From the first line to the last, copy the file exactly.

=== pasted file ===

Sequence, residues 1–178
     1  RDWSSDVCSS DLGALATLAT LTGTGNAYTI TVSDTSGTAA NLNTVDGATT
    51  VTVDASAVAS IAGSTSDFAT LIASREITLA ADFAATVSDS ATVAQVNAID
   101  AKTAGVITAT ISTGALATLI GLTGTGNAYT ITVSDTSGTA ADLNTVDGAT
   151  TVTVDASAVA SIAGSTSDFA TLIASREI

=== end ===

Sequence, residues 1–178
     1  RDWSSDVCSS DLGALATLAT LTGTGNAYTI TVSDTSGTAA NLNTVDGATT
    51  VTVDASAVAS IAGSTSDFAT LIASREITLA ADFAATVSDS ATVAQVNAID
   101  AKTAGVITAT ISTGALATLI GLTGTGNAYT ITVSDTSGTA ADLNTVDGAT
   151  TVTVDASAVA SIAGSTSDFA TLIASREI